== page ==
Reds miss chances against Martinez

Reds miss chances against Martinez

NEW YORK -- Appearing uncharacteristically erratic on Thursday, Mets pitcher Pedro Martinez not only teased the Reds, he tantalized them and essentially tempted his opponents to beat him.

The Reds didn't, or couldn't, accept the invitation.

Although it drew five Martinez walks over six innings, Cincinnati went 0-for-7 with runners in scoring position and passed on some big-time chances. It led to a 6-2 loss to New York before 46,767 fans at Shea Stadium.

"When you get guys into scoring position and don't get a big hit here or there, you'll be in trouble," said Ryan Freel, who was 0-for-5 starting in center field.

Austin Kearns and Adam Dunn began the second with back-to-back singles, the Reds' only two hits notched against Martinez (7-3). A sacrifice bunt moved them to second and third base, respectively, with one out. The only run that scored came from David Ross' sacrifice fly before Juan Castro struck out and ended the inning.

Martinez nearly lost control of the game when he walked the bases loaded with his first three batters of the fourth inning. Brandon Phillips followed with a sacrifice fly that gave the Reds a 2-0 lead, but they got no more. Ross and Castro both flied to right field, and the threat died.

That opened the door for New York against Eric Milton (4-4). On a 3-2 count leading off the Mets' fourth, Carlos Beltran took a fastball that was close, but called ball four. Next batter David Wright attacked a 2-0 pitch and clubbed a two-run home run to left-center field. After Julio Franco's ground-rule double to center field, Xavier Nady's RBI single put New York ahead, 3-2.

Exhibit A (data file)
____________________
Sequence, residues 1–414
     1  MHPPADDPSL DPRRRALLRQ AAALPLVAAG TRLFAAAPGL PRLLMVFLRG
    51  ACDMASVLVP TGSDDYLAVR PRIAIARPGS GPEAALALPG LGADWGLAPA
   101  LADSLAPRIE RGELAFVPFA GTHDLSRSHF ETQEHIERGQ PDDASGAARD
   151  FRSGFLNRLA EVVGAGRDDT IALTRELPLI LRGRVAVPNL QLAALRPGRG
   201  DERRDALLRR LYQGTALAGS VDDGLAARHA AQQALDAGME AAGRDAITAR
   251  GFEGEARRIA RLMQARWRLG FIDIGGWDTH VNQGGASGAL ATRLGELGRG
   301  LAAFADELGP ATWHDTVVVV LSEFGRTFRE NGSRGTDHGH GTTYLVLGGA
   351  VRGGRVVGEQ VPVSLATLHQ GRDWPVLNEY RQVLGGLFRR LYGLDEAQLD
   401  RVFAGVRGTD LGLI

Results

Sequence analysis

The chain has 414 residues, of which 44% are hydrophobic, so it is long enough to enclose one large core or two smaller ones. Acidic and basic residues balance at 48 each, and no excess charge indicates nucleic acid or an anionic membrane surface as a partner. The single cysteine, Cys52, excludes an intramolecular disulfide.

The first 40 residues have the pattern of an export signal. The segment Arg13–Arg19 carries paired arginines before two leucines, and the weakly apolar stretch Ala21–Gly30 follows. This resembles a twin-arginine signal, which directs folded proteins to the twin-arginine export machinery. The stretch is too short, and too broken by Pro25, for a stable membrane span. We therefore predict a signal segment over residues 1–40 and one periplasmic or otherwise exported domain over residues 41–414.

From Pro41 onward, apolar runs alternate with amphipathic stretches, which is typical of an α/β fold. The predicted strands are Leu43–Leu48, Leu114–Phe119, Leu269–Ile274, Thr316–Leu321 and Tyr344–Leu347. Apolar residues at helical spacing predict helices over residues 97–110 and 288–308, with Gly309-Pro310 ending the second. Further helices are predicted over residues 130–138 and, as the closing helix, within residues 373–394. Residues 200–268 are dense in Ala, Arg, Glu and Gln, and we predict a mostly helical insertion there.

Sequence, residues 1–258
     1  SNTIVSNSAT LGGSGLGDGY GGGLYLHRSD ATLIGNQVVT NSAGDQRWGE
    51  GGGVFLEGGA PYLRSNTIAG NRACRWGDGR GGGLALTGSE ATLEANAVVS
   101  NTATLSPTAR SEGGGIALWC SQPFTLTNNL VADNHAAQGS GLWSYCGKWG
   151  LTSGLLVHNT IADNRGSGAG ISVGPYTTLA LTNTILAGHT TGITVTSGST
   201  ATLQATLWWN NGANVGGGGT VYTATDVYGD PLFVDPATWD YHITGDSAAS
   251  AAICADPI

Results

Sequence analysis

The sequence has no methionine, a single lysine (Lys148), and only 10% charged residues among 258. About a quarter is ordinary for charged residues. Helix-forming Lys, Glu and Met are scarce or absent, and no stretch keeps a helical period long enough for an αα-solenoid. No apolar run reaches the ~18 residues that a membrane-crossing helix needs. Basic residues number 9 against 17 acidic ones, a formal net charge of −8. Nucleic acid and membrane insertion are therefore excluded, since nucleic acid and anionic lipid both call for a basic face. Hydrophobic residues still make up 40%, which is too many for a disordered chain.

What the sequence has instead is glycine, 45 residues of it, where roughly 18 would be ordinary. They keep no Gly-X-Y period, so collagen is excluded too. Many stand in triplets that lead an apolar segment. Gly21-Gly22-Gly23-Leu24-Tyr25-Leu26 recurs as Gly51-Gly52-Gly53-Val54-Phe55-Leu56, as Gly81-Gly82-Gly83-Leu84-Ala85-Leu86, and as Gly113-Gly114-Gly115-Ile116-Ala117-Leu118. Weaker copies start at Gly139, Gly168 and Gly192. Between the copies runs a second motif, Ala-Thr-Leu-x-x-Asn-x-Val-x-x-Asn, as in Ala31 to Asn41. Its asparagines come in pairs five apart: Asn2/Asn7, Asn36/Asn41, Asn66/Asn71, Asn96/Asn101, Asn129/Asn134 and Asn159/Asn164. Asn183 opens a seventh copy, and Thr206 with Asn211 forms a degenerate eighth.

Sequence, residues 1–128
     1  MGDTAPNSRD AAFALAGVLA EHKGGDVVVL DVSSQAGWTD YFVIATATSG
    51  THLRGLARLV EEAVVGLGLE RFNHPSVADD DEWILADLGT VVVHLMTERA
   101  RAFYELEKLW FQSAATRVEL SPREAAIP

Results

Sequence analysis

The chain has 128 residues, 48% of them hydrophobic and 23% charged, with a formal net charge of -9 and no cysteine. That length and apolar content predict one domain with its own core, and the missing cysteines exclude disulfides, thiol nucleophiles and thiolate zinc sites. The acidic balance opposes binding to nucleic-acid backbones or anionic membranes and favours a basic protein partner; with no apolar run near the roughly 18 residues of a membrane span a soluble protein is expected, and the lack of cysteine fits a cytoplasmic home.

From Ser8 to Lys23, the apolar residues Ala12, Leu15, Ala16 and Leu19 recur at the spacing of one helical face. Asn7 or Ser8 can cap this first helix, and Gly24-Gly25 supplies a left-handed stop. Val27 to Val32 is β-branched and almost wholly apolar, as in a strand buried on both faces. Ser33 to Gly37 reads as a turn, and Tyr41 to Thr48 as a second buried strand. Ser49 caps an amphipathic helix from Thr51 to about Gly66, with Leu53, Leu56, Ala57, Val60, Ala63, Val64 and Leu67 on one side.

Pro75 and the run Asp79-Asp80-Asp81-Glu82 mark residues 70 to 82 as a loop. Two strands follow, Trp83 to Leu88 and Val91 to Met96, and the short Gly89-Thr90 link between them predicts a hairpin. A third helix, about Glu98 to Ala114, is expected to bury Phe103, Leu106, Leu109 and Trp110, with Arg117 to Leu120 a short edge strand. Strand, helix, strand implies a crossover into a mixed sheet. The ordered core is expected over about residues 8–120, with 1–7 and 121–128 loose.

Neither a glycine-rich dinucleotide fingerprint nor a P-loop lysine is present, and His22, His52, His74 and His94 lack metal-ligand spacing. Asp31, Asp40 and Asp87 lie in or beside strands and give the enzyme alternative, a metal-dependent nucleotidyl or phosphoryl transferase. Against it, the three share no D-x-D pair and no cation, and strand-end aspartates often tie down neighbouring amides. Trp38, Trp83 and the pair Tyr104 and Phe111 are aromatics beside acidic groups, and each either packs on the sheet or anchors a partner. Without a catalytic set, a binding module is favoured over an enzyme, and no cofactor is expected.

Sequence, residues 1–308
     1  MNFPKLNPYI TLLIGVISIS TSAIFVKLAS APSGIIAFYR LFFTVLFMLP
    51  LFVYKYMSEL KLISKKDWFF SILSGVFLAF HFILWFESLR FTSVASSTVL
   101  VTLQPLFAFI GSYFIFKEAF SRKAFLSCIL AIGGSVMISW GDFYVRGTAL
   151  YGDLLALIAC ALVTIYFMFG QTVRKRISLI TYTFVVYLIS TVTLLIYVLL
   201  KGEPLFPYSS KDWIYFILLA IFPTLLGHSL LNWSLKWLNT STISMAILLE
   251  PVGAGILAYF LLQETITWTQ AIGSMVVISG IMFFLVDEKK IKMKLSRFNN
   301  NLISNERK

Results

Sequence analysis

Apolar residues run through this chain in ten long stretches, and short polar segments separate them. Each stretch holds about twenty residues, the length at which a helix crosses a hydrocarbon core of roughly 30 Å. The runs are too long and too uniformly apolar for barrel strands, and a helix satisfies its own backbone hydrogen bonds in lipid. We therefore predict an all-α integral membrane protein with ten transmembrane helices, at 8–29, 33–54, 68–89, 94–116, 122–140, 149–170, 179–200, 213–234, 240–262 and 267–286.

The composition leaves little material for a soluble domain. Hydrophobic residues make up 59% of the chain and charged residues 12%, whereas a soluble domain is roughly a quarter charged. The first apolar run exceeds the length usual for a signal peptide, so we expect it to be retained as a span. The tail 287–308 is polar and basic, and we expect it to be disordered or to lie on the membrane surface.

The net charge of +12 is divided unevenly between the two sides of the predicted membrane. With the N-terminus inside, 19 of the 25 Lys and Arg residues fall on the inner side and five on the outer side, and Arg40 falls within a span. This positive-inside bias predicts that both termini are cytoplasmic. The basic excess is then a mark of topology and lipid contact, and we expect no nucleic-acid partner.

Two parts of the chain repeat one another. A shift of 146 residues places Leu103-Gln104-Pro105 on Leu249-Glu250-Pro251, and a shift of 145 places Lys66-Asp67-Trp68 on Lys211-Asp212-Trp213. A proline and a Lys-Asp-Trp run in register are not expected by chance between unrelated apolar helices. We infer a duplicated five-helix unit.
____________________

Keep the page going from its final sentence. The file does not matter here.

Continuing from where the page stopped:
Neither Milton, nor Martinez, appeared thrilled with home plate umpire Ron Kulpa's strike zone during the game.

"He was struck out," Milton said of Beltran's walk. "The umpire made a terrible call. It changed the game for me."

It was a 4-2 game in the fifth when Wright's second homer of the game, a shot to right field, put Milton away. The left-hander lasted only 4 1/3 innings, his shortest outing since April 18 -- which was before a knee injury put him on the disabled list for a month.

Milton entered with a 3.10 ERA in six starts since returning from knee surgery. It's 4.71 in 10 starts overall.

"I think we've seen him have better stuff," Reds manager Jerry Narron said.

The Reds had more chances to stay in the game. Martinez issued a pair of two-out walks in the top of the fifth and escaped. After Wright's second homer, the three-time Cy Young Award winner clamped down and struck out the side in the Reds' sixth and was finished with an escalated pitch count of 110.

"I got my money's worth on that one," Martinez said. "But I made pitches when I had to. I was missing my spots for most of the day. Luckily, I escaped without giving up any more runs."

"It would have been nice to blow it open," said first baseman Scott Hatteberg, who drew two walks from Martinez. "We got his pitch count up. We could have got him out earlier. It didn't happen. No offense to anybody else, but once we got him out of the game, it takes a step down as far as pitch quality. He's about as good as there is."

The Mets' bullpen also created enticing situations for the Reds. Two straight singles began the seventh against Heath Bell, putting runners on first and third with no outs. Freel hit a grounder to the pitcher and beat out the double play. But Felipe Lopez grounded into an inning-ending double play.

A two-out single by Dunn and Phillips' double in the eighth against Pedro Feliciano also went nowhere. Submariner Chad Bradford ended the rally, getting Ross to look at strike three.

Having lost 10 of their last 13 games, the Reds are batting .180 (16-for-89) during the stretch.

If not for Wednesday's big comeback win in the ninth, the Reds would be headed to Cleveland having lost three of four in the series. Instead, they're fortunate to get out with a split.

It was certainly feasible against Martinez and the Mets on Thursday.

Mark Sheldon is a reporter for This story was not subject to the approval of Major League Baseball or its clubs.